- IT’S BLACK, IT’S WHITE:  The White Liars and The Black Comedy, two one-act plays by Peter Shaffer and directed by Valerie Pallai, will be show Sept. 17, 18, 24, and 25 and Oct. 1 and 2 at 7 p.m. at Santa Maria Civic Theatre, 1660 N. McClelland. For more information, call 922-4442. -
  • IT’S BLACK, IT’S WHITE: The White Liars and The Black Comedy, two one-act plays by Peter Shaffer and directed by Valerie Pallai, will be show Sept. 17, 18, 24, and 25 and Oct. 1 and 2 at 7 p.m. at Santa Maria Civic Theatre, 1660 N. McClelland. For more information, call 922-4442.
We see that Lemberg’s shabby little shop has vanished between acts and has been replaced with Brindsley’s groovy little apartment. Artwork is everywhere, including a large Jackson Pollack-style “drip” painting and Brindsley’s abstract metallic sculpture. (Set design is by Valerie Pallai, who also directs.)

Each cast member makes wonderful use of his or her character’s comedic gimmick, and they all play off each other very well (suggesting strong direction by Pallai). Cornell and Freckleton also appear in this act, showing their versatility, as their roles here are complete 180s from their roles in White Liars.

Playing Brindsley, Josh Cornell is great with physical humor, as he previously showed in the SMCT production Bedroom Farce. Here, he scrambles around the “darkened” apartment, stumbling, tripping, falling, desperately trying to keep the truth from being revealed.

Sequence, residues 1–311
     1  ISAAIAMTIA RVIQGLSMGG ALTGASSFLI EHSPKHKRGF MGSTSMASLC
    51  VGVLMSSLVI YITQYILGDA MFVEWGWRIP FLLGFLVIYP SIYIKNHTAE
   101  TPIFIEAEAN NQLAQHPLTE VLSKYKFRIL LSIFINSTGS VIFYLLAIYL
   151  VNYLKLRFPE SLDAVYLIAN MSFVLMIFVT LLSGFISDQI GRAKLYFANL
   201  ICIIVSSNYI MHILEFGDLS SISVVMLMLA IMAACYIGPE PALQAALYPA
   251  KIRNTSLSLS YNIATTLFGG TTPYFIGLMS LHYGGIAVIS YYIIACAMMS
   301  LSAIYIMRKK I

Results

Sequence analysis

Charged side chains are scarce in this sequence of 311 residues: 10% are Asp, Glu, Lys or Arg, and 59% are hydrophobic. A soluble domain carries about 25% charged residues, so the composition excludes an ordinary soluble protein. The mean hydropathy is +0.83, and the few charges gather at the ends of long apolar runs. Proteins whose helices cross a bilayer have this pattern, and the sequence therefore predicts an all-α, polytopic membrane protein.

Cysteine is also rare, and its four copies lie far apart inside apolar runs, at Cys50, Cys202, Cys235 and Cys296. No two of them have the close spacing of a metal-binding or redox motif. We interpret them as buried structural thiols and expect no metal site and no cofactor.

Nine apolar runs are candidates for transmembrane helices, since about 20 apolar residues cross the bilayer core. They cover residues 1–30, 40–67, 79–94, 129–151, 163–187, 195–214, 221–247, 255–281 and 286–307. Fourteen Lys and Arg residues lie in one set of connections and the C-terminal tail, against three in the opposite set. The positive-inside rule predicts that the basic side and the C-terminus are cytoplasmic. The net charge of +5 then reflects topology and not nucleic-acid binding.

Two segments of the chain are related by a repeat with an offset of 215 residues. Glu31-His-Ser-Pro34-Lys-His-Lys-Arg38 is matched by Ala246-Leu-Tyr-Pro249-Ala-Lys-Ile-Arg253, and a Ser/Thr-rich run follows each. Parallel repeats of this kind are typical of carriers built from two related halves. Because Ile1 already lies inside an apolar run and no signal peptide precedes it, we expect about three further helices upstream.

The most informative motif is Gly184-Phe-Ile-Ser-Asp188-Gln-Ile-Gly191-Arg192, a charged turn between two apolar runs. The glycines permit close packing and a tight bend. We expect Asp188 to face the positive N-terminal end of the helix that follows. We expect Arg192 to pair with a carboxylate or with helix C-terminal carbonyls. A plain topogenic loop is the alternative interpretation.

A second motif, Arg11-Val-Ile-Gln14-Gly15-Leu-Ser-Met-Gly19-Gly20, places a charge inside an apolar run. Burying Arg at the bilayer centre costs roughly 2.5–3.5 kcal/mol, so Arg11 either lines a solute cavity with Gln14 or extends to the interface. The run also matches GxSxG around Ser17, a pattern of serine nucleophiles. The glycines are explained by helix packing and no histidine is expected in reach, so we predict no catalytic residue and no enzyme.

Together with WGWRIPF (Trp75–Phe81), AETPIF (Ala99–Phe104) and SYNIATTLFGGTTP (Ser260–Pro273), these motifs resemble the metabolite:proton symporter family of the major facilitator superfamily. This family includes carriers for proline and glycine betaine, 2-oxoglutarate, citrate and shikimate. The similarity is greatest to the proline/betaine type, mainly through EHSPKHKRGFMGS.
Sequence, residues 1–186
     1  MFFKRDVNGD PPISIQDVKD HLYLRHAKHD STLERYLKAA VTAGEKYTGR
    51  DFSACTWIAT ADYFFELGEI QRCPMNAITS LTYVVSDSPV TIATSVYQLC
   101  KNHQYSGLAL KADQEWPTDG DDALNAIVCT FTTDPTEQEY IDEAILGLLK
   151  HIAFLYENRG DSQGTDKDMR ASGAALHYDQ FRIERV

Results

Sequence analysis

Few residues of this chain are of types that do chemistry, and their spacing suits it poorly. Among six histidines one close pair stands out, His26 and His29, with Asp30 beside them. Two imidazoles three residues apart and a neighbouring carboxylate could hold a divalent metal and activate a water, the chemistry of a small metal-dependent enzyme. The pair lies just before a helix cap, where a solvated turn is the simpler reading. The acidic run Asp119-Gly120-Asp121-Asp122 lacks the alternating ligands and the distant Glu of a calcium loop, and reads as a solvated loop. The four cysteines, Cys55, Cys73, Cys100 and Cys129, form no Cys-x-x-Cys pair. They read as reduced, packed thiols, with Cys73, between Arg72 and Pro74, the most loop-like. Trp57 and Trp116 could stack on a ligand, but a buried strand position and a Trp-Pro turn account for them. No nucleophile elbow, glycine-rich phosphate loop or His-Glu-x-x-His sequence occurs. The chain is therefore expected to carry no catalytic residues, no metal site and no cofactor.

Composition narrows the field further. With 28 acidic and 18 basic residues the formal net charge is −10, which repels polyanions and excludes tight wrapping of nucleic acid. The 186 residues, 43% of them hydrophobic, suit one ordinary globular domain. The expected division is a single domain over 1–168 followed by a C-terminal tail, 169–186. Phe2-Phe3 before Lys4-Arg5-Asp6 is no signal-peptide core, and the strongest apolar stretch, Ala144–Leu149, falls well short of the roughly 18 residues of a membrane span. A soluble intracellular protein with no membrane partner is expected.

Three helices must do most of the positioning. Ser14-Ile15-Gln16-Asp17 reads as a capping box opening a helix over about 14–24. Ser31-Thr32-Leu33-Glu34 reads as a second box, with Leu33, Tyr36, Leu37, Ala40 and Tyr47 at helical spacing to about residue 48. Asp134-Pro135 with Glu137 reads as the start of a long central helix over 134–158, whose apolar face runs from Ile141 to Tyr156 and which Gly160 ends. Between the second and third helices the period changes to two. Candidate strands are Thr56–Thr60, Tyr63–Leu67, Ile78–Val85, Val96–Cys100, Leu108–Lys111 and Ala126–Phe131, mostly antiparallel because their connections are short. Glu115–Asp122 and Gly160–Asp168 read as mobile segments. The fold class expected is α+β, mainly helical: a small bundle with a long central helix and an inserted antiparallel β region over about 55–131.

Carol is played by Cornell’s real-life wife, Katie, who gives her character a delightfully squealing voice and uppercrust accent, and regularly gets laughs out of the character’s tendency to add the suffix “poo” to various words (“Daddy-poo,” “stinky-poo,” etc.)

At one point, a neighbor wanders in—Miss Furnival, an elderly spinster “minister’s daughter.” She gets an accidental taste of alcohol and goes from “ewww!” to “oooh!” in a matter of seconds (a moment handled brilliantly by Kelly Greenup).

Iain Freckleton plays Carol’s father as a blustering, bellowing military type—a dramatic-tension-creating role similar to the one he played in SMCT’s production of The Underpants. He’s an expert.

Alan Foster dons bright orange as Harold Gorringe, the flamboyant neighbor whose furniture was stolen and who takes relish in the love of the finer things and laments the demise of “refinement.”

Cherish Fry is seductive in the role of Clea, a woman from Brindsley’s past who shows up to further complicate matters.

Jim Dahmen appears as a repairman who likes to spout philosophy, much to the class-distinction-confusion of the others. And a “mystery guest,” who will be known to SMCT fans, plays the millionaire, Mr. Bamburger.

The piece is even a bit poignant, showing how the darkness ironically illuminated these characters’ secrets.

Freelancer Brent Parker can see in the dark. Contact him via aschwellenbach@newtimesslo.com.